How To Successfully Transition Your Career When Everything Around You is Changing

Jane Horan
5 min readMay 18, 2021

Switching careers is always tough, and extra challenging when the world is shifting, and work from home is for many the norm.

Here’s what you can do right now to make the leap.

Changing careers (not jobs, careers) is a big step and it’s natural to have jitters. These feelings tend to be a lot more pronounced under COVID-19. Things you once took for granted — making connections, researching meaningful looking roles, even interviewing — are now done differently and at a safe distance.

In addition, many companies are in a cycle of reinvention. Job openings may be on hold or disappear altogether as companies navigate the post-pandemic economy and adjust to new requirements. Even if a new career looks great today, there’s no guarantee it will look the same at the end of the year.

All that said, you should still actively work on your next career. Here are some tips to help make the transition smoother.

1. Make sure you’re doing this for the right reasons

The top reasons given for making a career switch today are being laid off, feeling like their job is meaningless or even pointless, or that there’s no room for growth in their field. If these reasons resonate, then changing careers may well be worthwhile.

However, there are also situations when leaving your current role is not the best course of action. I know this because as a career and leadership coach, I meet a lot of talented people who think their work problems will be solved by changing fields. That’s possible, but not always true; you take your baggage with you wherever you land.Make sure your reasons for leaving are healthy and you’ve explored other less-extreme options first. How you make a career change requires time to reflect. Not months of navel gazing but structured time to look back, take stock and uncover what matters most.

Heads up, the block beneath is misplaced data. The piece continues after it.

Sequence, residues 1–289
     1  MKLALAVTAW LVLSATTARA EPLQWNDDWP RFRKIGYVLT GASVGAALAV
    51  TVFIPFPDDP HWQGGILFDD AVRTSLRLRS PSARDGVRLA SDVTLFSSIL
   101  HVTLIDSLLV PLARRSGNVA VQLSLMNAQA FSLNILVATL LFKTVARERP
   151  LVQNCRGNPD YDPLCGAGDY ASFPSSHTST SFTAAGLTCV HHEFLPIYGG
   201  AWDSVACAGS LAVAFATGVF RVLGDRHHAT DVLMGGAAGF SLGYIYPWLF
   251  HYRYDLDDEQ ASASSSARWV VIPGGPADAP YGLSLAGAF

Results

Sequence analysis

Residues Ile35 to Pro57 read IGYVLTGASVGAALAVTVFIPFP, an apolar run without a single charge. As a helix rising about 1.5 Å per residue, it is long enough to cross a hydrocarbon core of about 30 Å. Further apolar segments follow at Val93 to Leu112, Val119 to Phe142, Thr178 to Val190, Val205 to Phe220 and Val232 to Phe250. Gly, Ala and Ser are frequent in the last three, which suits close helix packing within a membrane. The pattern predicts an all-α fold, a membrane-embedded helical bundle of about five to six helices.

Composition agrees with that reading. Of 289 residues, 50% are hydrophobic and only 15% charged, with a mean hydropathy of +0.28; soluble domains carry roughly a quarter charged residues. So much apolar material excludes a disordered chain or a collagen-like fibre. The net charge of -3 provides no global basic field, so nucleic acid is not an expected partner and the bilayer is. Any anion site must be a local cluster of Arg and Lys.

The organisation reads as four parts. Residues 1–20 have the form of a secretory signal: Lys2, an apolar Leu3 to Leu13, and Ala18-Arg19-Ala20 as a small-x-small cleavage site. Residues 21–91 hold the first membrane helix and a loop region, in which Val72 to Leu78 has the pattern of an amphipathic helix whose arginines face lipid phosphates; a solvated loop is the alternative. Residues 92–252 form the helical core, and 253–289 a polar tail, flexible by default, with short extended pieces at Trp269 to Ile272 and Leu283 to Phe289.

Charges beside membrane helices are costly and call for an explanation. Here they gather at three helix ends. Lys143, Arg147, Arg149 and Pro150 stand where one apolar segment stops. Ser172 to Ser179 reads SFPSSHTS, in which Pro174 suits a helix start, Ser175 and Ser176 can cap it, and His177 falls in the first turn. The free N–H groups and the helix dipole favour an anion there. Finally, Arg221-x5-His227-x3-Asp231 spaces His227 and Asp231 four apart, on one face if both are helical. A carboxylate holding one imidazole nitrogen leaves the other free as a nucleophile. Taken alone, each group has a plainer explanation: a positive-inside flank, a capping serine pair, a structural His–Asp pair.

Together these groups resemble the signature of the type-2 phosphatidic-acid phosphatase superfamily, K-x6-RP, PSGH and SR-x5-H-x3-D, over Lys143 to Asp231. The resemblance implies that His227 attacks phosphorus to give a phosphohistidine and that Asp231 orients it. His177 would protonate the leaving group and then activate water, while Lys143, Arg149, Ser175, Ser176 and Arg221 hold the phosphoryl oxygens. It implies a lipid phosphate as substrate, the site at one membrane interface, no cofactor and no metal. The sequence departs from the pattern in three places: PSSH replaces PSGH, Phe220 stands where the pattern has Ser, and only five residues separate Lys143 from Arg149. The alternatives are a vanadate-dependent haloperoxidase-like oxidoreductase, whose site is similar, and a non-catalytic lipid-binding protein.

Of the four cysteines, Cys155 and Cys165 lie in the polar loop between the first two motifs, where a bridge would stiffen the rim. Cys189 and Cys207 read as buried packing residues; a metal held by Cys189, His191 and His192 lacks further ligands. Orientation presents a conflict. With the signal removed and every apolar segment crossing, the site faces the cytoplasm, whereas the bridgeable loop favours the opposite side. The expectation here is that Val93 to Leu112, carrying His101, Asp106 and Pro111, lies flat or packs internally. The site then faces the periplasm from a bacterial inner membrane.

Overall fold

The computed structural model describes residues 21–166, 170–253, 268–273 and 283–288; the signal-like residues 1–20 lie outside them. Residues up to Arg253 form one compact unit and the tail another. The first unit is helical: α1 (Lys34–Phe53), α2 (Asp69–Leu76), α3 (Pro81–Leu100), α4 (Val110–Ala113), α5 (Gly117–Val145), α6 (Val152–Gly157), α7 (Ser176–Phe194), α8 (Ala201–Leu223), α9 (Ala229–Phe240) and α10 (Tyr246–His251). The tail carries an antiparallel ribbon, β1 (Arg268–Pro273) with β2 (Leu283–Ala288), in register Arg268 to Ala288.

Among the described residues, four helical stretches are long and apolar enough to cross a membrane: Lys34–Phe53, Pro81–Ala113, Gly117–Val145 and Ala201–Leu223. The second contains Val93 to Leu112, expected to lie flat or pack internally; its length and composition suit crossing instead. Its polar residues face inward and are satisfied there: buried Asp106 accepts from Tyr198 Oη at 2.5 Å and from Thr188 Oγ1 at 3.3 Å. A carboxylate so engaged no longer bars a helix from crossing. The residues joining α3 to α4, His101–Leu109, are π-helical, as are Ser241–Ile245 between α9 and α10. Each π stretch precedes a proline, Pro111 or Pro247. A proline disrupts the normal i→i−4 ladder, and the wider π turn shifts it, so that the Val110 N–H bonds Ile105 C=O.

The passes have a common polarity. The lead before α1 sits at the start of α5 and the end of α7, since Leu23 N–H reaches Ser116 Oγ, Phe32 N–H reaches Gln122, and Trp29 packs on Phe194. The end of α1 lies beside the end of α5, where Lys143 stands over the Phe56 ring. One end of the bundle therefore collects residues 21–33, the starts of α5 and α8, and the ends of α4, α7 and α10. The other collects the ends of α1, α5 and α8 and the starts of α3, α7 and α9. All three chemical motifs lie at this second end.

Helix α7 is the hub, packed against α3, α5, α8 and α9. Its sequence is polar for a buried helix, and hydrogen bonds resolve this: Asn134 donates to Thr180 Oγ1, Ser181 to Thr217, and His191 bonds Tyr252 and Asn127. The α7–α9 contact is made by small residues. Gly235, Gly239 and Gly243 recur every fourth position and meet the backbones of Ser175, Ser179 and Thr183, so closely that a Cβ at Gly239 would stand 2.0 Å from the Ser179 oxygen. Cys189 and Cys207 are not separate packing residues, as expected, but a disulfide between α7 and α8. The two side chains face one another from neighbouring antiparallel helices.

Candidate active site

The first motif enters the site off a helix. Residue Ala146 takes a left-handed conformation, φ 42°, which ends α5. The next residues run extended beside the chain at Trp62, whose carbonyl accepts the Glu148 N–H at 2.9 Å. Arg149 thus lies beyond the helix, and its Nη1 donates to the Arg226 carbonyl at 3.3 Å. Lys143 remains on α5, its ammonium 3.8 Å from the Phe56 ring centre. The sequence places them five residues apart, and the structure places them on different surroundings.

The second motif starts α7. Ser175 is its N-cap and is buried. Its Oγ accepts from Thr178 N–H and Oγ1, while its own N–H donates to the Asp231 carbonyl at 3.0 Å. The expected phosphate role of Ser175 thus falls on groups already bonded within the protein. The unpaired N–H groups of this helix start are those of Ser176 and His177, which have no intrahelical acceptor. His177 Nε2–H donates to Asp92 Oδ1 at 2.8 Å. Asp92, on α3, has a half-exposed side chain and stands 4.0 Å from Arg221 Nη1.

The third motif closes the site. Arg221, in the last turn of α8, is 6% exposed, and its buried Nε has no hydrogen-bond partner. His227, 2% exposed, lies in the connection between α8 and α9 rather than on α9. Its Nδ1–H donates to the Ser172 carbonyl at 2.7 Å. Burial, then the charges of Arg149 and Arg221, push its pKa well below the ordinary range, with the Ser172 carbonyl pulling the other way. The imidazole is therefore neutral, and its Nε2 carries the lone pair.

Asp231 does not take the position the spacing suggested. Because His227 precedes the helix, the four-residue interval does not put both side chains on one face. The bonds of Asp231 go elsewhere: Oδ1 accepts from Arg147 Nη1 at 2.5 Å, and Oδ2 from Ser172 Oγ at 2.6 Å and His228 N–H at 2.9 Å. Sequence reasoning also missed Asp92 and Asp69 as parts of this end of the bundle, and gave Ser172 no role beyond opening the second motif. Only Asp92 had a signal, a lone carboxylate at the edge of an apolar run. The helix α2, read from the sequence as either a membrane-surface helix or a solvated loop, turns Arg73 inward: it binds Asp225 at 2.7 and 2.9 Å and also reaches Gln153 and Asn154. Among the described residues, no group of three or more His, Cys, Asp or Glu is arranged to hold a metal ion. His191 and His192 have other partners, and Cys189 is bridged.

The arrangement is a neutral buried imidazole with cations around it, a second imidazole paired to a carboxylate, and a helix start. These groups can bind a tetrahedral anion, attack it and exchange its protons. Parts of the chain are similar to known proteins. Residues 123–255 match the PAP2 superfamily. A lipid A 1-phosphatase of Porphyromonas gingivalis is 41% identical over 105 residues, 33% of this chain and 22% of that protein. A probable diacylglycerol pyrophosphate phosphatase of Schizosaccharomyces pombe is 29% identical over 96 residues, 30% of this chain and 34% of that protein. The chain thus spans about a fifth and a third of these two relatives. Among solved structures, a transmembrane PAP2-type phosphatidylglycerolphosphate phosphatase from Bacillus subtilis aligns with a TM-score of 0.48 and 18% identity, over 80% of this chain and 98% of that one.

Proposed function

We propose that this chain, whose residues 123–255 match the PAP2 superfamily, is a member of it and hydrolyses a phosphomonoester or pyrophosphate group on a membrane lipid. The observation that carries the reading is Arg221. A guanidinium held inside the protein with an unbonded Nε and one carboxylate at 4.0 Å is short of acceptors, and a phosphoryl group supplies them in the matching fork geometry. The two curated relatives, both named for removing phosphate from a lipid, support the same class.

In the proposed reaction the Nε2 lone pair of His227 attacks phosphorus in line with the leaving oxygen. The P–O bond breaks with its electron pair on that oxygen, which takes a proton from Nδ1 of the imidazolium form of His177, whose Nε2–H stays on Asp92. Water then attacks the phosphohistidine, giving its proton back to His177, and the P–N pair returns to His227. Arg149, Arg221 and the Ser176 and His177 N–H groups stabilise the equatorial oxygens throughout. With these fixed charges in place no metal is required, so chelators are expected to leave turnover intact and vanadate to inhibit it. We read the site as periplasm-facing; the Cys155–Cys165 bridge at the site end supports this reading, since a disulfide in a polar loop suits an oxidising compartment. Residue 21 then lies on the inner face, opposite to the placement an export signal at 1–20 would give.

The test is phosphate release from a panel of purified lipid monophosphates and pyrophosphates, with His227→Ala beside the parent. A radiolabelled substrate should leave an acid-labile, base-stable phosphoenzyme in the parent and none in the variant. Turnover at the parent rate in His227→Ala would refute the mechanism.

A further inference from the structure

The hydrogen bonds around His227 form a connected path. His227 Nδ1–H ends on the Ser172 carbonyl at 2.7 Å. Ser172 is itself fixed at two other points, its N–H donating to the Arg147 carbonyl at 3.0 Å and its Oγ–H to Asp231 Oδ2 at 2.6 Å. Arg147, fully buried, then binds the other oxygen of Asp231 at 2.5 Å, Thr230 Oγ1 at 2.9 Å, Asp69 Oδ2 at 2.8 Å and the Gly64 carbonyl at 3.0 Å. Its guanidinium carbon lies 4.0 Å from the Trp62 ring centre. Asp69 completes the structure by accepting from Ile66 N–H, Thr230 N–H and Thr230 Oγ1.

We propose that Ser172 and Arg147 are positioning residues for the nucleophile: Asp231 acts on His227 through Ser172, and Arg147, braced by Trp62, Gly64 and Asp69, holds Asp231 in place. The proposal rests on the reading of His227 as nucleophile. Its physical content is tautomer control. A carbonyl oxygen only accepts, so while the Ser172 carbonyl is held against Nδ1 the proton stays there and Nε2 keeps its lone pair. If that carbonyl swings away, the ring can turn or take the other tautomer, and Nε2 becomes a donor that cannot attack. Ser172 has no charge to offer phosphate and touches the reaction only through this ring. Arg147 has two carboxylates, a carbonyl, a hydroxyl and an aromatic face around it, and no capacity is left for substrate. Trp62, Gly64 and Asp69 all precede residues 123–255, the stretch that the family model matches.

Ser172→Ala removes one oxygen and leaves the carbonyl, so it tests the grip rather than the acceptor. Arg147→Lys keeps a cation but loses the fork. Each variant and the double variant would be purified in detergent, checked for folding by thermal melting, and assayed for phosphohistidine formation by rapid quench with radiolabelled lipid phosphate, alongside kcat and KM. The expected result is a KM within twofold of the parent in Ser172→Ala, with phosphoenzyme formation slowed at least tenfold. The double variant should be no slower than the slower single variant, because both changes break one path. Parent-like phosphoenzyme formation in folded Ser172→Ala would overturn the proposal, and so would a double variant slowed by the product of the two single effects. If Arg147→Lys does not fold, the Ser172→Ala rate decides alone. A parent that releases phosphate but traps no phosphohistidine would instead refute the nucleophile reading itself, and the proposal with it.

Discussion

If you’re employed, can you mold your job to make it more palatable?

The stressors you’re going through may be short term, and it would be unwise to give up a job because the world is in a state of flux. Do you know what the root cause of your stress really is? Think carefully before making a move grounded in emotion.

Read more: Do You Want a Change Career…Or Are You Just Off Rhythm in the New Normal?

2. Be strategic with your research

You can tell a lot about a company from the way its leadership has dealt with COVID. What are employees saying on social media? Has the company improved engagement in a time of remote work? How are transitions — WFH, not WFH — supported? What are the company’s plans for life after COVID? Is leadership managing the situation creatively?

Set up alerts to research a specific company or sector, that is so easy nowadays. But remember there is a lot of exaggeration on line, so try the 5/5/5 test to separate fact from fiction:

-Will this issue matter 5 weeks from now?

-5 months from now?

-5 years from now? Your answers can give perspective to both the company and the employees.

For example, you read that a company you’ve followed was tone-deaf to the challenges of parents who were trying to balance work and childcare while schools were remote. Is that a 5 week or 5 year issue?

3. Build online relationships with relevant people

Events may now be cancelled, but networking, done right, is the single best thing you can do for your career transition. Contact people who are doing today what you’d like to do next. Be genuine about their day-to-day and what makes them tick. Do they have advice for those wishing to change careers to their sector?